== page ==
This page provides an overview of the Tomcat server architecture.
In the Tomcat world, a
Server represents the whole container.
Tomcat provides a default implementation of the
and this is rarely customized by users.
A Service is an intermediate component
which lives inside a Server and ties one or more Connectors to exactly one
Engine. The Service element is rarely customized by users, as the default
implementation is simple and sufficient:
Engine represents request processing
pipeline for a specific Service. As a Service may have multiple Connectors,
the Engine received and processes all requests from these connectors, handing
the response back to the appropriate connector for transmission to the client.
The Engine interface
may be implemented to supply custom Engines, though this is uncommon.
Note that the Engine may be used for Tomcat server clustering via the
jvmRoute parameter. Read the Clustering documentation for more information.
A Host is an association of a network name,
e.g. www.yourcompany.com, to the Tomcat server. An Engine may contain
multiple hosts, and the Host element also supports network aliases such as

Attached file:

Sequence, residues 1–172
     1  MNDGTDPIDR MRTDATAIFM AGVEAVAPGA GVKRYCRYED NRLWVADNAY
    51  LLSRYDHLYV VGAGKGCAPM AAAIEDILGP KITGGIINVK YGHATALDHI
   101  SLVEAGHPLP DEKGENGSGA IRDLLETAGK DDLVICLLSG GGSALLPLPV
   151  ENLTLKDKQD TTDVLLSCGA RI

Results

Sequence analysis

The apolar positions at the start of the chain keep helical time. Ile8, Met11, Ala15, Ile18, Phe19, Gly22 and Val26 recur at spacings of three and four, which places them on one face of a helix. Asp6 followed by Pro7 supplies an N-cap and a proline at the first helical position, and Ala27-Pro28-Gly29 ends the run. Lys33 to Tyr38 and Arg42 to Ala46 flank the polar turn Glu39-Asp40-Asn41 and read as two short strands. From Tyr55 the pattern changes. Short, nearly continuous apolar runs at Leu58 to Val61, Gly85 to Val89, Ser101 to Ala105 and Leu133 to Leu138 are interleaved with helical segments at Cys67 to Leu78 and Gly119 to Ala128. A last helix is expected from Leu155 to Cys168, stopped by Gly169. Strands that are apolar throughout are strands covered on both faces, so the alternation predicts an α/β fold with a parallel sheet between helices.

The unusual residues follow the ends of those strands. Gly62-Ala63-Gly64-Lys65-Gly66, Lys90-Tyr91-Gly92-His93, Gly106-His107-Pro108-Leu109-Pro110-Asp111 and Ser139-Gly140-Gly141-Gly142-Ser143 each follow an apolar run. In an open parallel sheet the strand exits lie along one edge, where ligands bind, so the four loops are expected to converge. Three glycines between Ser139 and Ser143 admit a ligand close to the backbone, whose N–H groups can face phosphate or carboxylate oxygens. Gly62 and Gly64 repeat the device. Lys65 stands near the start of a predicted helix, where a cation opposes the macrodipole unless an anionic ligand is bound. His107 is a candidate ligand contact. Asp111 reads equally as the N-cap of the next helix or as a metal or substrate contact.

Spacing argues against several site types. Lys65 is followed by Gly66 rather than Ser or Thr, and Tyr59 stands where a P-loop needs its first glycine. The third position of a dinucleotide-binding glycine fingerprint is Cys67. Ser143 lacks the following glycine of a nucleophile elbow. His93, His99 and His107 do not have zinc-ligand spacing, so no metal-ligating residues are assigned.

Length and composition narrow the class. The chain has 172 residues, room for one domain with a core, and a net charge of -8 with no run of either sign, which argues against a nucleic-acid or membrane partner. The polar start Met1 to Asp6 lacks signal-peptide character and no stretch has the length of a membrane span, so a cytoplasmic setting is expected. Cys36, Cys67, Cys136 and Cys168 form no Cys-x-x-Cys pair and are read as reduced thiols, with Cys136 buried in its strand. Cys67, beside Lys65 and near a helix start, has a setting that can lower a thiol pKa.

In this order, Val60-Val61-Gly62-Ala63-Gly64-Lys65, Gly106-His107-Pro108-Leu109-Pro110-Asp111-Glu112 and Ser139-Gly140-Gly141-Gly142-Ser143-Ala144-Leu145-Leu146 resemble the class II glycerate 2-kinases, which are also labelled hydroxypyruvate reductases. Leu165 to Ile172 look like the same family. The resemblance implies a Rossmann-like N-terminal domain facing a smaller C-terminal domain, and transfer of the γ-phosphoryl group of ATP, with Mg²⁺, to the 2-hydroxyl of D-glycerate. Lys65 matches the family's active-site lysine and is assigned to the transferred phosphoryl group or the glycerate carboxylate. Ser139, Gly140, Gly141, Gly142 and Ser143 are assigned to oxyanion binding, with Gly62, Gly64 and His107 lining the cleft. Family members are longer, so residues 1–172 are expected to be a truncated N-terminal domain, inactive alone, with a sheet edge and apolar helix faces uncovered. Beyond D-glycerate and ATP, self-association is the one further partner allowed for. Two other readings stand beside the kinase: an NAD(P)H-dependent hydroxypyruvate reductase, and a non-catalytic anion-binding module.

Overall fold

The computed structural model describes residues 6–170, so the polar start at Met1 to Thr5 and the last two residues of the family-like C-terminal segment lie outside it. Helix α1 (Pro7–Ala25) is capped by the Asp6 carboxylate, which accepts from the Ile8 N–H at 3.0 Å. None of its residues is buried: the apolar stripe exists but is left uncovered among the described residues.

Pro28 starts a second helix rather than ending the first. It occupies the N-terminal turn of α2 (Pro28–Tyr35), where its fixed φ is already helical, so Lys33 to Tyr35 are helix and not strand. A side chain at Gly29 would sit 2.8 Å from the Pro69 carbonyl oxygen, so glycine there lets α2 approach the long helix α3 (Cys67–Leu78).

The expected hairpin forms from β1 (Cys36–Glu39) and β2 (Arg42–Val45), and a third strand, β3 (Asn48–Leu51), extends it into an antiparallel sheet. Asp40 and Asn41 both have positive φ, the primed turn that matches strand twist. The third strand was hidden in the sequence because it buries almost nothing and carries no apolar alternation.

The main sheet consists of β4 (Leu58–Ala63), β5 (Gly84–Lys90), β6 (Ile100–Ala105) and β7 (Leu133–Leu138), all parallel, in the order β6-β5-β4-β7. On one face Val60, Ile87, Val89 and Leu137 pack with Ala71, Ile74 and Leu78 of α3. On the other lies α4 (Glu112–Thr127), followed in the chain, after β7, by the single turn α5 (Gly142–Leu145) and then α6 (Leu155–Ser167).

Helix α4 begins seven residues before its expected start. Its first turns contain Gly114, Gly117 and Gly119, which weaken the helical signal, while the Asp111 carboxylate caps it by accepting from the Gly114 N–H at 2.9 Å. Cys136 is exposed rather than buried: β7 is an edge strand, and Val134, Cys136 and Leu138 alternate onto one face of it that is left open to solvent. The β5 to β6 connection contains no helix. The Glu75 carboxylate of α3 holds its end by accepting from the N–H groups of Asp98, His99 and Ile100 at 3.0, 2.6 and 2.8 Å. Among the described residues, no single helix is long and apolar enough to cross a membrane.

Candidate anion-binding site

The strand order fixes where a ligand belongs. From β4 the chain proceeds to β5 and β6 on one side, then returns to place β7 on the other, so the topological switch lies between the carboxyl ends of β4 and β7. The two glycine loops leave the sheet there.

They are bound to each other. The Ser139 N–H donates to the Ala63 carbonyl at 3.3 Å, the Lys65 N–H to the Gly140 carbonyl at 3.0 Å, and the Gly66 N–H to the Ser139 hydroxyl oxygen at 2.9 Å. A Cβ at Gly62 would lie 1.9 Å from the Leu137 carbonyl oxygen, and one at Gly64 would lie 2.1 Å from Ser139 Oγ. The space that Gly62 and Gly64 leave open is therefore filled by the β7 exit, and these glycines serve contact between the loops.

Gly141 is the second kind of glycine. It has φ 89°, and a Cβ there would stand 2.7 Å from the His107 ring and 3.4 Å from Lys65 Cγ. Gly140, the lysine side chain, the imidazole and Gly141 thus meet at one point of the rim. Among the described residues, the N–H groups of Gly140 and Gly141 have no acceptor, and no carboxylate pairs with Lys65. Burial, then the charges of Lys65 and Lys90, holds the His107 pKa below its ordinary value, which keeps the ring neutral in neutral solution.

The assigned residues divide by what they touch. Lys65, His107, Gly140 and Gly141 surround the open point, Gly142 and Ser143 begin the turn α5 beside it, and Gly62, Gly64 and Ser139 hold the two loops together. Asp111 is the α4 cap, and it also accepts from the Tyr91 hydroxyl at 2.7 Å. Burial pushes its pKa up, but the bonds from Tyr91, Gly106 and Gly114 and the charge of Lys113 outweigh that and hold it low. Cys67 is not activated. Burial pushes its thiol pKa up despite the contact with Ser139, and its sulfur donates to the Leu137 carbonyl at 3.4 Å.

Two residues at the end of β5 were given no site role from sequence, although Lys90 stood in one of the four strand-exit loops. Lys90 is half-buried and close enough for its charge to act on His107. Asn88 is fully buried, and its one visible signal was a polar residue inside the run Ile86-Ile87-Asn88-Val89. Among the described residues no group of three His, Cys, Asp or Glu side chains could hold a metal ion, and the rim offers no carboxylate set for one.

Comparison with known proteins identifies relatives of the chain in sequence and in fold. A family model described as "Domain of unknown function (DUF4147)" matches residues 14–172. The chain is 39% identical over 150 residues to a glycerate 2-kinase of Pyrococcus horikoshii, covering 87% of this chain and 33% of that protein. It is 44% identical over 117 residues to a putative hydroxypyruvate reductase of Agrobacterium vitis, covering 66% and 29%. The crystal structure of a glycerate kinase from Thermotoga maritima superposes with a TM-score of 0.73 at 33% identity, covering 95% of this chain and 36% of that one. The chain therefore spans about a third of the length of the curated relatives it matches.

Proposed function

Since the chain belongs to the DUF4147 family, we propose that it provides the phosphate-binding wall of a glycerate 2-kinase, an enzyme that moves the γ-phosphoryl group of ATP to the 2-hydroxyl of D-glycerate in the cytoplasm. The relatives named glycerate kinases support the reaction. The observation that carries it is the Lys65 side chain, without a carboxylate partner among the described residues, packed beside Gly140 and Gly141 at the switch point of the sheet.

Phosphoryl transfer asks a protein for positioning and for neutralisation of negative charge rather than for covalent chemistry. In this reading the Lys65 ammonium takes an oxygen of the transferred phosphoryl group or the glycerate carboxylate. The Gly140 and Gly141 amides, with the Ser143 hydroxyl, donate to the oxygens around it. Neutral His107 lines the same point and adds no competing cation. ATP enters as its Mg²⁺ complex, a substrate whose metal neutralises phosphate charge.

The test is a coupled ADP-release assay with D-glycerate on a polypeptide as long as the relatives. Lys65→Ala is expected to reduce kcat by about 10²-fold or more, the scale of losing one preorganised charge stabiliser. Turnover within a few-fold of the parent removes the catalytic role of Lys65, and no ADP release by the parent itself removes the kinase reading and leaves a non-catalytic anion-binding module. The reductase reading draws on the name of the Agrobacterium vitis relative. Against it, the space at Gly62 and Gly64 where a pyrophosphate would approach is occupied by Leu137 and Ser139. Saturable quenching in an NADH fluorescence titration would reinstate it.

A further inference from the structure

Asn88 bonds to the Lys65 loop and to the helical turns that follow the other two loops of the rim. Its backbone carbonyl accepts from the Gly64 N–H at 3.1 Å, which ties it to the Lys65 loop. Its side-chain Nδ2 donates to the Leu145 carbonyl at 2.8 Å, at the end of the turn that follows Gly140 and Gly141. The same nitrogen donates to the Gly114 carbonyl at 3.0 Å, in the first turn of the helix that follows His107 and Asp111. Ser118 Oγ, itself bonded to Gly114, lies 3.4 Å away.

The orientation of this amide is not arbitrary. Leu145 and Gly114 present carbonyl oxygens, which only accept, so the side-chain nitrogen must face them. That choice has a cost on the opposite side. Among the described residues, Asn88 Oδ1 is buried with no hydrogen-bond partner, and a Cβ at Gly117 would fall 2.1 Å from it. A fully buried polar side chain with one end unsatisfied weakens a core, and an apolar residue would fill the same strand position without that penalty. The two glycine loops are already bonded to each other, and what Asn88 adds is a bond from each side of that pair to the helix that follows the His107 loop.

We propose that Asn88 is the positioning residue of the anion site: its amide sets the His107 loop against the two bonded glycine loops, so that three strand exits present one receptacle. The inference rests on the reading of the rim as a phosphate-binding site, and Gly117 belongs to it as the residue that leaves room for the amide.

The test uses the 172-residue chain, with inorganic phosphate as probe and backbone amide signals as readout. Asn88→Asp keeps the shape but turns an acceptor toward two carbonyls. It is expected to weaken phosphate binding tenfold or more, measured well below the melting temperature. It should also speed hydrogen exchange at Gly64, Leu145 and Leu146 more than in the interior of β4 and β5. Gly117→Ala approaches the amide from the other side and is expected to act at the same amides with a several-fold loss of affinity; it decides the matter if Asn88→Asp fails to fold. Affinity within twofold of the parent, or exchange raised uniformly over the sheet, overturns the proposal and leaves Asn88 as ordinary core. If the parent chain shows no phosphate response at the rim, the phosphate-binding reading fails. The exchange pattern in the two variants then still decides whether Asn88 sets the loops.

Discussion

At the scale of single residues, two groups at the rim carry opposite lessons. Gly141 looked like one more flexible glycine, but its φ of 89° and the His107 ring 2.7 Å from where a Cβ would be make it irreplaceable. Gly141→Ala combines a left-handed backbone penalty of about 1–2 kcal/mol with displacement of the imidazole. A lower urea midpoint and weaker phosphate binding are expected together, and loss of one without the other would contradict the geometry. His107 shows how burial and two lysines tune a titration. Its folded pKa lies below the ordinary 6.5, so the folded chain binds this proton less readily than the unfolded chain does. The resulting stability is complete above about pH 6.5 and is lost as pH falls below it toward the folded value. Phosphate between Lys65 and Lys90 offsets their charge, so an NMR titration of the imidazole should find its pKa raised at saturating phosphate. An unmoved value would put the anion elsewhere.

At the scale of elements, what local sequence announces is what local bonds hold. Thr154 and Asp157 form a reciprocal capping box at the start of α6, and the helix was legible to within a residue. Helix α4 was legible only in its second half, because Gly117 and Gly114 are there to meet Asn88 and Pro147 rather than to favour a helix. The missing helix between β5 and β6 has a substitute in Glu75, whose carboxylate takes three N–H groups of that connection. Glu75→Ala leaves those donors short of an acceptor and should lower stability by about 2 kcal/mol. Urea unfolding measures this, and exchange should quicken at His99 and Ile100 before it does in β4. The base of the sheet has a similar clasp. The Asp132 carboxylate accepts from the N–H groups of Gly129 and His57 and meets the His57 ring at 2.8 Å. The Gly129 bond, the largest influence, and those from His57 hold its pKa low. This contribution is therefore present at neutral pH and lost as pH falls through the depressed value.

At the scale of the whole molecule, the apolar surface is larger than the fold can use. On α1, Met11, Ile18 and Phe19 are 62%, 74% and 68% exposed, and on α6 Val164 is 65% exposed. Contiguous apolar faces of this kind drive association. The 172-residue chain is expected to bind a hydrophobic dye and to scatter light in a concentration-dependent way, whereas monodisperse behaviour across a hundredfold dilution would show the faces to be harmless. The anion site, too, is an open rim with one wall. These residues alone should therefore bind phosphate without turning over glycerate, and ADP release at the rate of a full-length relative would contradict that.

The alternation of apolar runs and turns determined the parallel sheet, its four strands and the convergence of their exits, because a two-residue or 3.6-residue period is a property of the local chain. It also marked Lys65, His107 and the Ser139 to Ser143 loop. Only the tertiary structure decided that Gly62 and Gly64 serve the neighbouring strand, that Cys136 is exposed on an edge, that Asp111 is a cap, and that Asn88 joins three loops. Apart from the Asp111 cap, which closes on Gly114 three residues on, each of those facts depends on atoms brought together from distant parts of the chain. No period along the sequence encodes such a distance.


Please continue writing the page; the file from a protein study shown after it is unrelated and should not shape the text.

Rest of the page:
yourcompany.com and abc.yourcompany.com. Users rarely create custom
implementation provides significant additional functionality.
A Connector handles communications with the client. There are multiple
connectors available with Tomcat, all of which implement the
interface. These include the
Coyote connector which is used for
most HTTP traffic, especially when running Tomcat as a standalone server,
and the JK2 connector which implements
the AJP procotol used when connecting Tomcat to an Apache HTTPD server.
Creating a customized connector is a significant effort.
represents a web application. A Host may contain multiple
contexts, each with a unique path. The
interface may be implemented to create custom Contexts, but
this is rarely the case because the
StandardContext provides significant additional functionality.
Tomcat is designed to be a fast and efficient implementation of the
Servlet Specification. Tomcat came about as the reference implementation
of this specification, and has remained rigorous in adhering to the
specification. At the same time, significant attention has been paid
to Tomcat's performance and it is now on par with other servlet containers,
including commercial ones.
In recent releases of Tomcat, mostly starting with Tomcat 5,
we have begun effots to make more aspects of Tomcat managable via
JMX. In addition, the Manager and Admin webapps have been greatly
enhanced and improved. Managability is a primary area of concern
for us as the product matures and the specification becomes more